3d. Consider how this twofold martyrdom was accentuated by the biting mockery and contempt which the executioners heaped upon Him for His greater torture. See how your persecuted Lord, when the scourging was ended, lies on the ground naked and bleeding, exhausted and bruised like a worm that has been trodden on, with difficulty gathering together His clothes, to cover Himself, and trying to gain a brief respite, that He may recover Himself a little. But no, not even a breathing space, a moment of comparative repose after the terrible torture, is granted Him. Though there is not a spot left upon His sacred body on which to inflict fresh torture, they can at least torment His soul. Now that cruel mockery of our Lord begins when His persecutors throw a rough scarlet robe round His lacerated body and torture Him by hypocritical genuflections whom they dare no longer to trample upon physically, lest they cause His death. This Jesus also endures in expiation of the sins of the voluptuous. When you see man, who was destined to be lord of creation, whom God so ennobled, selling his kingly dignity by the indulgence of degrading sensuality, and making the image of God within him the sport of the devil, know that this shameful act was expiated in this painful manner by the Redeemer when He was scourged and set at naught and mocked with regal ceremony. From henceforth, my soul, practise corporal and spiritual scourging with this threefold object, for yourself and for unhappy sinners; and let it not trouble you if the world despises and derides you for this physical and spiritual discipline. For if our Lord met with nothing but scoffing and contempt as the recompense of the painful scourging which He underwent to atone for our luxury, you can expect nothing better for the works of penance and impetration which you as a Priest and a Religious, voluntarily perform on behalf of a miserable, sinful world.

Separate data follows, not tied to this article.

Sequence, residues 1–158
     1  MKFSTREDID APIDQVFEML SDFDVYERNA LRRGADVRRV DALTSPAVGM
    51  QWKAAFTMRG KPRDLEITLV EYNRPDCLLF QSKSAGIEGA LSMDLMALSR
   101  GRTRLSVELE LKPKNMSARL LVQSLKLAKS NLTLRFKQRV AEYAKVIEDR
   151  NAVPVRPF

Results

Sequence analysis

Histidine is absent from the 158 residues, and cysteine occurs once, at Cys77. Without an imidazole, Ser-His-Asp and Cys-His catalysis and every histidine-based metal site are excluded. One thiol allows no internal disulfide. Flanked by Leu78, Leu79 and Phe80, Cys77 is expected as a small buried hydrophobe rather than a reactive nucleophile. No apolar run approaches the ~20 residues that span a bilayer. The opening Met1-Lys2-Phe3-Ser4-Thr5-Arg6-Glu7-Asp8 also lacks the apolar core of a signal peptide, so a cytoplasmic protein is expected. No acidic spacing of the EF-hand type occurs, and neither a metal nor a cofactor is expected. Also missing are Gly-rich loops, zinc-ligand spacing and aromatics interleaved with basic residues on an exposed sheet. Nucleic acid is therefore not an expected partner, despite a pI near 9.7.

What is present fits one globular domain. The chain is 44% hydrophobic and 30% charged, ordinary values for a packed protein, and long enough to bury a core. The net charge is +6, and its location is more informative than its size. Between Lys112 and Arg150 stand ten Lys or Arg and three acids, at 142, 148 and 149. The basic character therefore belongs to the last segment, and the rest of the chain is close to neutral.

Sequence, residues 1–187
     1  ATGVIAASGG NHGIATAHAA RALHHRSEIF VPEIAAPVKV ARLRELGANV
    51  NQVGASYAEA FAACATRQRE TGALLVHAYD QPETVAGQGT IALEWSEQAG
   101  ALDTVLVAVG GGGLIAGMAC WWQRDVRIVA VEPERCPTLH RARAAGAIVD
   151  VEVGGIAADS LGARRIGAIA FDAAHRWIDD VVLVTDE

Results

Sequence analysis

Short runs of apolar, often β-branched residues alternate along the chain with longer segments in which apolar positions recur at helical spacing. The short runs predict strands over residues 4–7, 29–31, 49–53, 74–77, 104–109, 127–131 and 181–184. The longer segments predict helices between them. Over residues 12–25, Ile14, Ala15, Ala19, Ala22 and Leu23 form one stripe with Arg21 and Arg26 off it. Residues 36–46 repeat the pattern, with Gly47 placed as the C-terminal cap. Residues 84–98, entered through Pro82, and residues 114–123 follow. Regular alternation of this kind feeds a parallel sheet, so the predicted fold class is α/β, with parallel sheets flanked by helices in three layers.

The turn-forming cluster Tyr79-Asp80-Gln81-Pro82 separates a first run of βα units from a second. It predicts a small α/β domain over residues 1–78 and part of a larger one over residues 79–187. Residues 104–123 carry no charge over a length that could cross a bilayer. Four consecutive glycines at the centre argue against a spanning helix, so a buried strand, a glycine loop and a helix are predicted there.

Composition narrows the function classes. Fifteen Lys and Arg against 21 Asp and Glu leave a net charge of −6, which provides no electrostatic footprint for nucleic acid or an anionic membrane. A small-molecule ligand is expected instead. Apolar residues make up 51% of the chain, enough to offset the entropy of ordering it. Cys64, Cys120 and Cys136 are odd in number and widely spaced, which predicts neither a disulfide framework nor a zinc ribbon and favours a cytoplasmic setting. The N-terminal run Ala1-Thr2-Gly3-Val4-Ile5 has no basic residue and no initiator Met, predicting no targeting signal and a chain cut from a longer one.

My God, I give Thee heartfelt thanks for all the graces and all the light Thou hast conferred on me during this meditation. Pardon me all the negligence and the distractions of which I have been guilty, and give me strength to carry out the resolutions that I have made. Fortify me, that from henceforth I may diligently practise this virtue . . . avoid this fault . . . perform this action . . . to Thy honor. Help me to do this, sweet Virgin Mary; and if I ever forget my good resolutions, I entreat my Angel Guardian to recall them to my memory. Amen.

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5 Responses to On the Threefold Torture of Scourging

  1. johnhenrycn says:

    All the flagellators look like homos. I would ask Sister Wendy about this if she was still alive.


  2. johnhenrycn says:

    I wonder if the artist Bouguereau has depicted himself in this painting, possibly on the dexter side? (Hi, Geoff!) Rembrandt used to paint himself into some of his pictures.


  3. johnhenrycn says:

    …behind the woman, Geoff, on that same side, who looks so much like one in our parish. I know it’s hard for Aussies to distinguish left from right. Here’s a cheat sheet for future reference: